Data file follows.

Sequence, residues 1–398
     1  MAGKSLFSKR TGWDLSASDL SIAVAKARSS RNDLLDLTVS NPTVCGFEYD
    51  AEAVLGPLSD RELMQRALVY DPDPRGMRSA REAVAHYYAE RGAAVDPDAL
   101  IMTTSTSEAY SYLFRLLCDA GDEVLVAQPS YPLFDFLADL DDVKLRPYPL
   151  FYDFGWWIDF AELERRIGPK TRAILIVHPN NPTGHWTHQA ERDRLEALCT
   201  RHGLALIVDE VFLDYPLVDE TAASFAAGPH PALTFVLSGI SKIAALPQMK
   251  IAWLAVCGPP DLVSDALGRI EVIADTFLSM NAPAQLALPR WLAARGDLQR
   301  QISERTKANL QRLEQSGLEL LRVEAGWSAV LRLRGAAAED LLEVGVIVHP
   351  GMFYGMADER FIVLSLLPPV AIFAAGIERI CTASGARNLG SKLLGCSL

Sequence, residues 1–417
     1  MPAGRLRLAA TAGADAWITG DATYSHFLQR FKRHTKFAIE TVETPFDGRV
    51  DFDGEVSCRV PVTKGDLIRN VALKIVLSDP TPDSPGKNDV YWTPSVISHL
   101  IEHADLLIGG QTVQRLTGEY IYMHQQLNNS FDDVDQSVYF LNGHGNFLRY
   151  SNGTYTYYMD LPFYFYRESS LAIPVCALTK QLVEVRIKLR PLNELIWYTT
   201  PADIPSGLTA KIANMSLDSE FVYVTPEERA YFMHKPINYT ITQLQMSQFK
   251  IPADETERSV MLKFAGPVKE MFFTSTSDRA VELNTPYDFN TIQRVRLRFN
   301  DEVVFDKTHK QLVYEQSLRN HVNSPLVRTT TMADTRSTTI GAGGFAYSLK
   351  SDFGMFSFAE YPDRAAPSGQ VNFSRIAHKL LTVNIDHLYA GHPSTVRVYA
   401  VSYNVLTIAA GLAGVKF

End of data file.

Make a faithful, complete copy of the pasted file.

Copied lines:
Sequence, residues 1–398
     1  MAGKSLFSKR TGWDLSASDL SIAVAKARSS RNDLLDLTVS NPTVCGFEYD
    51  AEAVLGPLSD RELMQRALVY DPDPRGMRSA REAVAHYYAE RGAAVDPDAL
   101  IMTTSTSEAY SYLFRLLCDA GDEVLVAQPS YPLFDFLADL DDVKLRPYPL
   151  FYDFGWWIDF AELERRIGPK TRAILIVHPN NPTGHWTHQA ERDRLEALCT
   201  RHGLALIVDE VFLDYPLVDE TAASFAAGPH PALTFVLSGI SKIAALPQMK
   251  IAWLAVCGPP DLVSDALGRI EVIADTFLSM NAPAQLALPR WLAARGDLQR
   301  QISERTKANL QRLEQSGLEL LRVEAGWSAV LRLRGAAAED LLEVGVIVHP
   351  GMFYGMADER FIVLSLLPPV AIFAAGIERI CTASGARNLG SKLLGCSL

Sequence, residues 1–417
     1  MPAGRLRLAA TAGADAWITG DATYSHFLQR FKRHTKFAIE TVETPFDGRV
    51  DFDGEVSCRV PVTKGDLIRN VALKIVLSDP TPDSPGKNDV YWTPSVISHL
   101  IEHADLLIGG QTVQRLTGEY IYMHQQLNNS FDDVDQSVYF LNGHGNFLRY
   151  SNGTYTYYMD LPFYFYRESS LAIPVCALTK QLVEVRIKLR PLNELIWYTT
   201  PADIPSGLTA KIANMSLDSE FVYVTPEERA YFMHKPINYT ITQLQMSQFK
   251  IPADETERSV MLKFAGPVKE MFFTSTSDRA VELNTPYDFN TIQRVRLRFN
   301  DEVVFDKTHK QLVYEQSLRN HVNSPLVRTT TMADTRSTTI GAGGFAYSLK
   351  SDFGMFSFAE YPDRAAPSGQ VNFSRIAHKL LTVNIDHLYA GHPSTVRVYA
   401  VSYNVLTIAA GLAGVKF